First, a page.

Ms Steyn again asked for clarification on whether 2013/14 allocations for provinces had been paid out or if they were awaiting National Treasury, and if the 2011/12 verified amounts for floods had been paid out to provinces. She also said that she had not received a response from a question that she had asked the previous year, as to how many disasters had been declared since 2009, how many declarations had been made and paid out, to whom they were paid, and how far DAFF was in the process for allocations for those that had not been paid out?

Ms Pilusa-Mosoane asked how the provinces that would spend their 2012 allocation on floods would be funded should they have a disaster in 2013, when there was no allocation amount for 2013/14.

Dr Motete clarified that the provinces had verified amounts for 2011/12 flood disasters but allocations had not yet been made. For previous disasters, allocations had been made. Information on disaster funding since 2009 would be presented when DAFF reported back to the Committee.

Dr Kgakatsi added that the total amount available to the provinces for floods over the MTEF period was around R1.1 billion.

Ms Steyn asked who initiated the provincial declaration on droughts. It was of concern that officials were at times not aware of a drought in a farming community that they represented. With this ‘no care’ attitude, it appeared that the declaration would have to be initiated by the farmer. She had requested the minutes of the meetings with the provinces. The funding response for floods was faster than for droughts, as floods involved roads and the municipality was more closely involved.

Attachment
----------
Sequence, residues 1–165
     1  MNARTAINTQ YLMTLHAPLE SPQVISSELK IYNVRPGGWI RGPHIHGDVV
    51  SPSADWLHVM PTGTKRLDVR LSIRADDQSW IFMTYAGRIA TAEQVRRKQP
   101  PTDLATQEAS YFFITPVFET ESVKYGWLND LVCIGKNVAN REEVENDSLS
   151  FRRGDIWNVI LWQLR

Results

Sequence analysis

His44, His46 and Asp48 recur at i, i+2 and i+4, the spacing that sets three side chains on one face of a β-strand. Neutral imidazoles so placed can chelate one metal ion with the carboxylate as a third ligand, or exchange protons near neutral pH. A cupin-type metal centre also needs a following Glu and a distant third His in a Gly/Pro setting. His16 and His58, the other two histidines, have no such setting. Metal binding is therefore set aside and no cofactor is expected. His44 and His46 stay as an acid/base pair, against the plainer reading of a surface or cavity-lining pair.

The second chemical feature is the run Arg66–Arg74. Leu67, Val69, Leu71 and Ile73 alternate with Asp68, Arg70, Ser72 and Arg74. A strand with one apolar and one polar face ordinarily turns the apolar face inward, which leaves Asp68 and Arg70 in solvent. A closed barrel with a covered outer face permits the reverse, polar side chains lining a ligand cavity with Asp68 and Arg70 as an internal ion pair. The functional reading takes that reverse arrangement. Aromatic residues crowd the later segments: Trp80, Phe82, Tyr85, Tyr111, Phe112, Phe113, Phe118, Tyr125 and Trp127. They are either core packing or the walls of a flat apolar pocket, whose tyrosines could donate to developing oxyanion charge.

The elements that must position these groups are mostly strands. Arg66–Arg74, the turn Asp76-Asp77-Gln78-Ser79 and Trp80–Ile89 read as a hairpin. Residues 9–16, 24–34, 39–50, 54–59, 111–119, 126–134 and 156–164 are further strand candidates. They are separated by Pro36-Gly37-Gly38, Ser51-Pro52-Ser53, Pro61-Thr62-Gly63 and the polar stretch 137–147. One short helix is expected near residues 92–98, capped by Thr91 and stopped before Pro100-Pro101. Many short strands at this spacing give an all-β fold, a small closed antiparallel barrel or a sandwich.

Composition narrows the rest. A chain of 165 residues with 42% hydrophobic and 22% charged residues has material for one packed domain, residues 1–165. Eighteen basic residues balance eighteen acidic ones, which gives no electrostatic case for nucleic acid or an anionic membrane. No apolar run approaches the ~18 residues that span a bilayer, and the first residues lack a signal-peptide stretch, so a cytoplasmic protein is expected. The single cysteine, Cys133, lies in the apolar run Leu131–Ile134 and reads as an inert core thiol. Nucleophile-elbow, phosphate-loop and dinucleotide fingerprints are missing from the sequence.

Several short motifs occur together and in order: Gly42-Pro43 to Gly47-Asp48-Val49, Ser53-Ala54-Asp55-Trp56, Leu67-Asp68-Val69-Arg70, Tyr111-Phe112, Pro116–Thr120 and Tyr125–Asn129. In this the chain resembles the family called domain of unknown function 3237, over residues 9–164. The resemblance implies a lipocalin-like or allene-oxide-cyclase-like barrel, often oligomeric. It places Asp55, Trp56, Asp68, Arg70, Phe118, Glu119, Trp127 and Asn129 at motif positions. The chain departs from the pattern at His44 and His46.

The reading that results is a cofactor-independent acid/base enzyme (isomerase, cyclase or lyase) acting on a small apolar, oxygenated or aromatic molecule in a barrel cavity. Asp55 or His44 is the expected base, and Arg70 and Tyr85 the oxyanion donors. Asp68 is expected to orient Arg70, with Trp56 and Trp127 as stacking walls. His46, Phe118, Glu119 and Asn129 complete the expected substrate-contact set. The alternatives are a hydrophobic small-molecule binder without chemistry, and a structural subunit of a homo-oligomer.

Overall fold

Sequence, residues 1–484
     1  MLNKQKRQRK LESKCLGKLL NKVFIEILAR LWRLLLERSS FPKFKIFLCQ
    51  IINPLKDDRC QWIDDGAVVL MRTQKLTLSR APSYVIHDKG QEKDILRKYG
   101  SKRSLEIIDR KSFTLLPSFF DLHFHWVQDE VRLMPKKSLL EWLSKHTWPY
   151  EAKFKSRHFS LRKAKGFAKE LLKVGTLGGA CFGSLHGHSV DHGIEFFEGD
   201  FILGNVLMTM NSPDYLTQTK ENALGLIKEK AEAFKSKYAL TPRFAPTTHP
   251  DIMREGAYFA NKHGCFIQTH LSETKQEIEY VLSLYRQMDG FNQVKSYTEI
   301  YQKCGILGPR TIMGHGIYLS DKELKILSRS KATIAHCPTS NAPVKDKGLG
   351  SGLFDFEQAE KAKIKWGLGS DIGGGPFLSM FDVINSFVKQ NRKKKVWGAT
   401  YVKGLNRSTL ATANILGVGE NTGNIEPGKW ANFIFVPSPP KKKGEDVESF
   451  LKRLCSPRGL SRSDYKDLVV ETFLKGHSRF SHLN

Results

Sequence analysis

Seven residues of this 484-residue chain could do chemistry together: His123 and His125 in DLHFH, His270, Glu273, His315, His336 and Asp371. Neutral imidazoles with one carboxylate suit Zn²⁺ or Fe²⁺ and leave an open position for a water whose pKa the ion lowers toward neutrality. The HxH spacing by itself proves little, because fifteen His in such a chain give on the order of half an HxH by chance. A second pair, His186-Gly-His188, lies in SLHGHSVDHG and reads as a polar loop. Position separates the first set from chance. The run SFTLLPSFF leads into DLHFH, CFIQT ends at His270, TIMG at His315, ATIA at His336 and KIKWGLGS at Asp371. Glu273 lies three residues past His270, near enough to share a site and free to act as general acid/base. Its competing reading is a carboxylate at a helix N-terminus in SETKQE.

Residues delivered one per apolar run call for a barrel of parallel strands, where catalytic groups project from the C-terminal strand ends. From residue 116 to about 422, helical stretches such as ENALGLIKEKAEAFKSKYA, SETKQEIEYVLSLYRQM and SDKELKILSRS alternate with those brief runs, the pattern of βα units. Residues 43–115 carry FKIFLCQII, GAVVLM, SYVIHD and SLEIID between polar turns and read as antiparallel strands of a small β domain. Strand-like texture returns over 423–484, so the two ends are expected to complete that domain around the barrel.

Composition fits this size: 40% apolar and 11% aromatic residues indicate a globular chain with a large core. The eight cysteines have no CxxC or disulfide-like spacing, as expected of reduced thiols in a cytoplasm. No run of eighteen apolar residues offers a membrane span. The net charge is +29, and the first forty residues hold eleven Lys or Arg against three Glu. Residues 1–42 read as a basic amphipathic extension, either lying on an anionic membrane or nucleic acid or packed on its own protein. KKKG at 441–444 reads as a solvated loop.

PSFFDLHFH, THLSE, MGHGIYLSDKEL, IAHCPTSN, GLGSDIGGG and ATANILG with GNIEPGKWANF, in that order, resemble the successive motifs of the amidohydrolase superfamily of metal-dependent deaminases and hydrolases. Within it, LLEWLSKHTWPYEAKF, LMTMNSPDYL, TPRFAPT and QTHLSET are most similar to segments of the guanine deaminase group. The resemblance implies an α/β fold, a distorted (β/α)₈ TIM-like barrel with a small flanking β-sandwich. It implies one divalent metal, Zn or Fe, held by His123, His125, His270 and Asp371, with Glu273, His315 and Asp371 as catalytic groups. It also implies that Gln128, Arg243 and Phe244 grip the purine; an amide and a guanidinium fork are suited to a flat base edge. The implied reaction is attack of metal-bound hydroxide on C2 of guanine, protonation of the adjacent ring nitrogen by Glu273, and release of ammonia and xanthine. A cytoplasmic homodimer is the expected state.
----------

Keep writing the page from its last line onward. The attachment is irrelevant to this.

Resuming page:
The Chairperson said that the major flaw appeared to be lack of clear collaboration between national, provincial and local government. Currently the system was not responding with sensitivity to the needs of farmers. Farmers were running a business to ensure that people had food.

Ms Nyalungu asked how the Acting Director-General would ensure that the disaster claims would receive their relief funds as soon as possible.

Mr Mannya said that disaster management was responded to by a focal point, the District Disaster Management Committee and the case then went to the Provincial Disaster Management Committee and then National Disaster Management Committee. Inputs from sector departments responding to the same disaster would be collated nationally. The system was in place but it was perhaps not being used adequately.

Ms Steyn said that she was concerned that one of the challenges was lack of capacity in disaster management at all levels. However, the action to counter the problem seemed simply to be the sending of  regular correspondence to Head of Departments by the Director-General to indicate areas of concern. She asked how correspondence could solve the problem, asked exactly what type of capacity was lacking and what training programmes existed.

Dr Kgakatsi replied that the lack of capacity was found at provincial level. DAFF had met with the provinces and agreed to perform a feasibility study and request funding from Treasury to increase the number of units to deal with disaster management.

Ms Phaliso commented that climate change cut across all departments and that they all should have funds for emergency disaster management.

Ms Phaliso suggested that an integrated plan with cluster departments should address building of dams for strategic intervention in times of drought.

Ms Steyn asked if DAFF had consulted with commodity groups who could advise on farming adaptations in response to climate change. She also asked how DAFF was offering farmers practical advice on climate change. There was no advice offered by DAFF on the internet.

Dr Motete replied that DAFF promoted Climate Smart Agriculture and would be hosting a national conference on Climate Smart Agriculture Mitigation, Adaptation and Food Security and hoped that it would also address some of the concerns about disaster risk management.